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By Nusaiba Mizan March 11, 2020

Wisconsin state Sen. Roger Roth hits the mark: Tax burden at a 50-year low

If Your Time is short

  • Wisconsin state Sen. Roger Roth, R-Appleton, said the state’s tax burden is at its lowest in nearly 50 years.
  • The claim is backed by a January 2020 report by the Wisconsin Policy Forum.
  • Taxes have been increasing, but income has been increasing faster. This means higher taxes did not translate to increased tax burden. 
  • While taxes are determined by the legislature and local government, how fast income grows is determined by lots of economic factors.


Is Wisconsin’s tax burden at a 50-year low?

That was the claim made by state Sen. Roger Roth, R-Appleton, when he gave the GOP response to Gov. Tony Evers’ 2020 State of the State speech.

In the Jan. 22, 2020, speech, Roth touted Republican-backed investments in the state’s infrastructure, worker training and childhood education. The results, he said, are economic growth, low unemployment, higher wages and frozen college tuition without raising taxes. 

"The average resident’s tax burden is at its lowest level in nearly 50 years, while incomes continue to grow," he said.

Is he right?

The source

When asked for backup, Roth’s office pointed us to the Wisconsin Policy Forum’s January 2020 report, "Tax Burden Falls Again." The report is an annual review of state and local taxes relative to state residents’ income. The Wisconsin Policy Forum is a nonpartisan research organization.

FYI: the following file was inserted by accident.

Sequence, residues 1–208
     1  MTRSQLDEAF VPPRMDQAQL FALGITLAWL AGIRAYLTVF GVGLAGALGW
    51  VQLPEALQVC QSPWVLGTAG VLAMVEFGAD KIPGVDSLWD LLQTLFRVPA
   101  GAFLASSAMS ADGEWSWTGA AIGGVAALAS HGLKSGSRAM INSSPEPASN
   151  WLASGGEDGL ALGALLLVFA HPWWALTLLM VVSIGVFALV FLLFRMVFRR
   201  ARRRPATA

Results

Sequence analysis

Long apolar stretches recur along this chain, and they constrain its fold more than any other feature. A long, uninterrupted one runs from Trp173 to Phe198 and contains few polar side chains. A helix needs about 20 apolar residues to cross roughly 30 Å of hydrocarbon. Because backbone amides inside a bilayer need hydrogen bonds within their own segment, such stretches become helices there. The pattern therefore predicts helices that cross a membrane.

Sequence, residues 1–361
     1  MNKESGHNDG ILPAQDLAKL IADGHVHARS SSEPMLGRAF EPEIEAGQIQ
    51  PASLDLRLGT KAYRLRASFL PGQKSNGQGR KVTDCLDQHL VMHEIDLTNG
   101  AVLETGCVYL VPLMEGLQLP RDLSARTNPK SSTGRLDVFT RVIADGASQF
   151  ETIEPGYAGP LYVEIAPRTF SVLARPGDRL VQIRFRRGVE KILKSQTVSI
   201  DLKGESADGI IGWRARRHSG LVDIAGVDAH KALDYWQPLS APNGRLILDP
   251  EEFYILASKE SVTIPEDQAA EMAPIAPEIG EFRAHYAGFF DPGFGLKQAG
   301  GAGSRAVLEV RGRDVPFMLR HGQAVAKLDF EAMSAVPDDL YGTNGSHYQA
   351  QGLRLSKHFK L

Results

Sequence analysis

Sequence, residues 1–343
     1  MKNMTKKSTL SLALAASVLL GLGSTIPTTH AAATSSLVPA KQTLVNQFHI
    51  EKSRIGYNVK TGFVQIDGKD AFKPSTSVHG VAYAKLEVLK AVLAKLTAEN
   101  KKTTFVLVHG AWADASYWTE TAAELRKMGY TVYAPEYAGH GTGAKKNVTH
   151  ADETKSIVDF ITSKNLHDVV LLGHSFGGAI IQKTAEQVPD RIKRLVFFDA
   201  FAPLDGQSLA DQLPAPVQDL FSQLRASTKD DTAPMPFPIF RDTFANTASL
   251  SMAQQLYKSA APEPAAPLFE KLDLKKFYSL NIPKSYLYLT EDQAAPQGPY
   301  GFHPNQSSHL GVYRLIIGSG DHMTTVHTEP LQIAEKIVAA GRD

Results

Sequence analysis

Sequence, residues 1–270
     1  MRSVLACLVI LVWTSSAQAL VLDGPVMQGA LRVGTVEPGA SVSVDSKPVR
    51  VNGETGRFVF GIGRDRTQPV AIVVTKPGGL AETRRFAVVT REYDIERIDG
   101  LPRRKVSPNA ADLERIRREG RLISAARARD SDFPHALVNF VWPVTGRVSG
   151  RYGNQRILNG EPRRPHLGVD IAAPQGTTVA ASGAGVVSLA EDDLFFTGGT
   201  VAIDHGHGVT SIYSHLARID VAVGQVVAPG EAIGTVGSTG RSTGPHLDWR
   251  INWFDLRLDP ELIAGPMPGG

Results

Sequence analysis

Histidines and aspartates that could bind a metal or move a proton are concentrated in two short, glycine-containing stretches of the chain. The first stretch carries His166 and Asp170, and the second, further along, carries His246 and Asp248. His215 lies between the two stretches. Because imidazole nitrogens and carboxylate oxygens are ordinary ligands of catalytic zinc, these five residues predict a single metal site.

The tax burden is the total share of taxes compared to income. The Wisconsin Policy Forum compiles all the state and local taxes in Wisconsin, using a variety of reports, such as the state’s Annual Fiscal Report, and information from state agencies.

State and local tax revenue is compared relative to cumulative personal income of all income reported in Wisconsin. Those income numbers are from the U.S. Bureau of Economic Analysis.

The forum’s report shows Wisconsin's tax burden for 2019 was the lowest since at least 1970, which is as far back as the organization has data.

State and local taxes, combined, took up 10.3% of residents’ income in 2019, down slightly from 10.4% in 2018. The state has established a new tax burden low each year since 2015.

Jason Stein, research director at the Wisconsin Policy Forum, noted that doesn’t necessarily mean everyone is paying 10.3% of their income. Incomes and taxes vary region to region and person to person.

Noah Williams, a professor of economics and director of the Center for Research on the Wisconsin Economy, echoed that point and said the policy forum’s approach is a reasonable one to use.

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The report shows overall tax burden has consistently trended down over the last 50 years, from an average of 14% in the 1970s to 11% across the 2010s.

Behind the numbers

The drop is not entirely the result of reduced tax collections.

Indeed, according to the forum, state and local tax revenues increased by 4.5% in fiscal year 2019 — the most since 2011. 

So what’s going on?

Well, income has increased faster than average tax collections. Income has been on an upward trend since 2009. The policy forum found income grew by 5.1% in calendar year 2018, the most recent year available at the time of its report.

Because income growth outpaced the increase in tax collection, the tax burden decreased.

While taxes are determined by state and local governments, many other economic factors help drive income levels, Stein said.

"If the economy’s doing really well, it’s not purely a function of what’s happening at the state level," Stein said. "If it was doing really poorly, it wouldn’t be purely a function of what’s happening at the state level either."

Our ruling

Roth claimed "the average (Wisconsin) resident’s tax burden is at its lowest level in nearly 50 years, while incomes continue to grow." 

The numbers check out.

While tax collections are up, incomes have been growing at a faster rate than taxes. Thus, the tax burden continues to edge down.

We rate his claim True.

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Wisconsin state Sen. Roger Roth hits the mark: Tax burden at a 50-year low

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